The law provides citizens the ability to choose their government in free and fair periodic elections held by secret ballot based on universal and equal suffrage. Despite undertaking to dismantle them, the Serbian government continued to operate some illegal parallel government structures in Serb-majority municipalities. Illegal parallel institutions also operated in Serbian and Gorani enclaves throughout the southern part of the country.

Party affiliation played an important role in access to government services and social and employment opportunities. Clan loyalties also played an important role in political organizations. Ethnic minorities’ representation in the Assembly was more than proportionate to their share in the population, but political parties representing ethnic minorities criticized majority parties for not consulting them on important issues.

Newly independent Kosovo spent much of its first decade stuck in the political mud. Led almost exclusively by veterans of a bloody war for independence, it was weighed down by only being partially recognized and by an exodus of emigrés who could have helped the tiny Balkan country gain economic traction. Kosovo has the youngest population in Europe, and there is a growing confidence of young generations, and also women, and they want to see a different type of politics.

When voters in 2019 appeared to plot a new course behind an emerging nationalist party that challenged the old guard, Kosovars watched one year later as their push for change sputtered into a political dead end. The resulting power vacuum and caretaker leadership persisted through national tests like an unprecedented health crisis, mounting pressure to mend diplomatic fences with neighbor Serbia, and war crimes indictments that unseated a powerful president and other senior politicians.

Kosovar President Hashim Thaci, indicted 24 June 2020 for war crimes and crimes against humanity, accused the international justice system of attempting to rewrite history. On June 24, the Specialist Prosecutor’s Office (SPO) said in a statement that Thaci and other suspects were "criminally responsible for nearly 100 murders," as well as the "enforced disappearance of persons, persecution, and torture." Hashim Thaci announced 05 November 2020 he would resign as the president of Kosovo. Thaci, a guerrilla leader during the country's war for independence from Serbia in the 1990s, resigned after confirming that he had been indicted by the Kosovo Specialist Chamber (KSC) in The Hague for war crimes and crimes against humanity.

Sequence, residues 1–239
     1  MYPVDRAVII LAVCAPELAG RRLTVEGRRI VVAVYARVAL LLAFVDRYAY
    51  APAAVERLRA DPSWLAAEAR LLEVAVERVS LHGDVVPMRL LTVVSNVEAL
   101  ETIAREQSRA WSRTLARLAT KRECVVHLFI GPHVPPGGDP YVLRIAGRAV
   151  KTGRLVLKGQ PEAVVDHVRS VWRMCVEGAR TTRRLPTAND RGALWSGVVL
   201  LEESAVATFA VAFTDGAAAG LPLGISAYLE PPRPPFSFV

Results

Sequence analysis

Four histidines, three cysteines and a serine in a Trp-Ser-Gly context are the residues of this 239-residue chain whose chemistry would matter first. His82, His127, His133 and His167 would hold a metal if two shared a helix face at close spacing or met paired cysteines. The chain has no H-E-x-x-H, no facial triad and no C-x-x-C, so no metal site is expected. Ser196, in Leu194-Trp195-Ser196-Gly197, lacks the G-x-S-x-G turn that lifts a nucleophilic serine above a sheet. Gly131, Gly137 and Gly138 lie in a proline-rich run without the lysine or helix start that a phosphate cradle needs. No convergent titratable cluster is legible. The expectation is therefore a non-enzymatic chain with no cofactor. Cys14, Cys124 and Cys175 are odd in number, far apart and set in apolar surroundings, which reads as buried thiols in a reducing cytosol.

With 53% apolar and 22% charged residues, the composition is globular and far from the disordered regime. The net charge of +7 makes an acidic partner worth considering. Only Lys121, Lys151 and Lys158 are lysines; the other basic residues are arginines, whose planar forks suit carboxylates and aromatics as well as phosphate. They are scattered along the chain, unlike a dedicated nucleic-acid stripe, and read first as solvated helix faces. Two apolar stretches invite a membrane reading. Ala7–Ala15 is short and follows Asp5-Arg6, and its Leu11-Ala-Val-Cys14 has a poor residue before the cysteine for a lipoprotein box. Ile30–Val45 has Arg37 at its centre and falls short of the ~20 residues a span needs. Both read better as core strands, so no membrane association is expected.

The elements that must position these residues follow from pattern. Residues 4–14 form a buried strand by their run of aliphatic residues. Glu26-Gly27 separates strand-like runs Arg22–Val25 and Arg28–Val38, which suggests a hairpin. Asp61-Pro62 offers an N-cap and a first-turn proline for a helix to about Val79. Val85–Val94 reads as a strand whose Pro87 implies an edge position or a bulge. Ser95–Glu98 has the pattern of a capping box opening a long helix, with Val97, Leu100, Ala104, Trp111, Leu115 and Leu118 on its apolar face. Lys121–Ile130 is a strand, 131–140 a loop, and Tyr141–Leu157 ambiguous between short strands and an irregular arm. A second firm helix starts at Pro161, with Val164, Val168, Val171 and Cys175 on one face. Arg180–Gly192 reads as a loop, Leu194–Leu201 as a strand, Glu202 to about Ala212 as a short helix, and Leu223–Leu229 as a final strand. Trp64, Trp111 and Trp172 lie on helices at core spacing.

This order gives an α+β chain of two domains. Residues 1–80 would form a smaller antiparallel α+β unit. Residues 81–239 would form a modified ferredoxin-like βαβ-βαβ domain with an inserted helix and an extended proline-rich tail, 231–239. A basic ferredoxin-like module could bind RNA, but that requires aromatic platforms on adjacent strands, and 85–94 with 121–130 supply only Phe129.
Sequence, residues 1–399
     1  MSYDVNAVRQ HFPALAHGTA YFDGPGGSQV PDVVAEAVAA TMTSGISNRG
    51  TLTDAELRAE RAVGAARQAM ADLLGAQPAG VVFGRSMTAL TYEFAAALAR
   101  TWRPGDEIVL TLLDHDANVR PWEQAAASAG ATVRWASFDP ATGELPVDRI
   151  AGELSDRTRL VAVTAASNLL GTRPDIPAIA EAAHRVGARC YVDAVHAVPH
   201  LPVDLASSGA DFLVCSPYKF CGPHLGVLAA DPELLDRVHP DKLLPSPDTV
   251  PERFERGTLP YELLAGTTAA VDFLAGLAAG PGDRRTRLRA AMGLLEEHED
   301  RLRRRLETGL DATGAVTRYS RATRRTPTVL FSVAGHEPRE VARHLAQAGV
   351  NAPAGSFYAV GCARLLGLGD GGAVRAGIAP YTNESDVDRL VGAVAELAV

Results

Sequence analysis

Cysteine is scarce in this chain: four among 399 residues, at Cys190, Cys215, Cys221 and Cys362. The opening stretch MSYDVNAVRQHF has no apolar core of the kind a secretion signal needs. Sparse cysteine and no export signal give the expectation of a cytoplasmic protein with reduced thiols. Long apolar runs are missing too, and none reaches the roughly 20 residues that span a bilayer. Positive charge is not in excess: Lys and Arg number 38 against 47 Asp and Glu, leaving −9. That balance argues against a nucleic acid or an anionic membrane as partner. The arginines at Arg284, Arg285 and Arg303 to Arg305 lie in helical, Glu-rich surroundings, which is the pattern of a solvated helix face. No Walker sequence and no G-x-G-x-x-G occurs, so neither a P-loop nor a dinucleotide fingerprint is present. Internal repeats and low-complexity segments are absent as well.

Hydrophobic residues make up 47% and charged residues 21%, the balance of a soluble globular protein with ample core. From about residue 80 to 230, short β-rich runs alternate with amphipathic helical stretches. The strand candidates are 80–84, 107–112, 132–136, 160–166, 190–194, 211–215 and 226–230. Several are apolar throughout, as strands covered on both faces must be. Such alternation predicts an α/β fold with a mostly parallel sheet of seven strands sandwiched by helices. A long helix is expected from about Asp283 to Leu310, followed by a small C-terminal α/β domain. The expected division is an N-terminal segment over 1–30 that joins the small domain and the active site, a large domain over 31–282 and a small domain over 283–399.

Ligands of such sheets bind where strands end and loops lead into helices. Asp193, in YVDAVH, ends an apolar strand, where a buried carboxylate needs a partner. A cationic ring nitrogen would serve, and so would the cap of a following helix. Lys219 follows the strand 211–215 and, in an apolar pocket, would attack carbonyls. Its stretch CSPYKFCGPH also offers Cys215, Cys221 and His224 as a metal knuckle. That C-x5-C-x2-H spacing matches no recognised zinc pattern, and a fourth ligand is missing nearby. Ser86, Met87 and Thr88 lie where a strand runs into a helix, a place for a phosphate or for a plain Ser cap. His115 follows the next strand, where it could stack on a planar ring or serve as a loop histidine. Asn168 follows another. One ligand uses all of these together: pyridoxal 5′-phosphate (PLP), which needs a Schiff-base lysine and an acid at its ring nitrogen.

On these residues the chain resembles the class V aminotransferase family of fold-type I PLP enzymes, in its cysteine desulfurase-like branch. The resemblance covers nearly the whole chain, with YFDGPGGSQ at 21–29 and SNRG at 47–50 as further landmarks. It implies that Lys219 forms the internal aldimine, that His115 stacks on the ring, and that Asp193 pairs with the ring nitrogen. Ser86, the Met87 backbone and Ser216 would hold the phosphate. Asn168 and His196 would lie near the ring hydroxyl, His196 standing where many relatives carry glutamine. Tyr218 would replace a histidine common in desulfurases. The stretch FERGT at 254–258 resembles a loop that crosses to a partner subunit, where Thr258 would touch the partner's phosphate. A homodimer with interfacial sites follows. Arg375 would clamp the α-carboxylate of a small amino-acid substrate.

Hysni Gucati, the head of the association of former Kosovo Liberation Army (UCK) veterans, was led away from the headquarters of the organization by EU police units on 25 September 2020 amid taunts from onlookers. Gucati was arrested on suspicion of criminal offenses "against the administration of justice, namely for intimidation of witnesses, revenge, and violation of the secrecy of the procedure." The deputy head of the Kosovo War Veterans Association, Nasim Haradinaj, has been transferred to a war crimes tribunal in the Netherlands, the Kosovo Specialist Chambers said on September 26. According to the arrest warrant, Haradinaj is suspected of intimidating witnesses, retaliation, and violating the secrecy of proceedings by releasing confidential information, including the names of witnesses.

Early elections have become routine in Kosovo, wearying a public that has low faith in a political class that seems to lurch between crises. Since the former Serbian province declared independence in 2008, which Serbia refuses to recognise, not a single government has finished its full term.

"Kosovo's had so many elections and everybody considers every election to be a turning point," says Robert Austin, an East-Central and Southeastern Europe specialist at the University of Toronto. "And the problem with Kosovo is sometimes you reach a turning point and then nothing turns."

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Page last modified: 30-06-2021 12:04:36 ZULU